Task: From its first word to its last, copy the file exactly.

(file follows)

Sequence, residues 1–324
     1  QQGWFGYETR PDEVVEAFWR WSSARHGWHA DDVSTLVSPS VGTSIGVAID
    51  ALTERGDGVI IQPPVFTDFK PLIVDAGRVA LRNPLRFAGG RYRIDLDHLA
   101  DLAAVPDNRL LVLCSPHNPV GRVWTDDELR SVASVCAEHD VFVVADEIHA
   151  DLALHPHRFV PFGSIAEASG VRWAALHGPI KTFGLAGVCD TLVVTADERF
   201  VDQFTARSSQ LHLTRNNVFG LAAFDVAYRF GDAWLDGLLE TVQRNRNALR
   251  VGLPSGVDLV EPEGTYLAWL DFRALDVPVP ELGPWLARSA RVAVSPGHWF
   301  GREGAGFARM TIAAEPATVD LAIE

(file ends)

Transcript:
Sequence, residues 1–324
     1  QQGWFGYETR PDEVVEAFWR WSSARHGWHA DDVSTLVSPS VGTSIGVAID
    51  ALTERGDGVI IQPPVFTDFK PLIVDAGRVA LRNPLRFAGG RYRIDLDHLA
   101  DLAAVPDNRL LVLCSPHNPV GRVWTDDELR SVASVCAEHD VFVVADEIHA
   151  DLALHPHRFV PFGSIAEASG VRWAALHGPI KTFGLAGVCD TLVVTADERF
   201  VDQFTARSSQ LHLTRNNVFG LAAFDVAYRF GDAWLDGLLE TVQRNRNALR
   251  VGLPSGVDLV EPEGTYLAWL DFRALDVPVP ELGPWLARSA RVAVSPGHWF
   301  GREGAGFARM TIAAEPATVD LAIE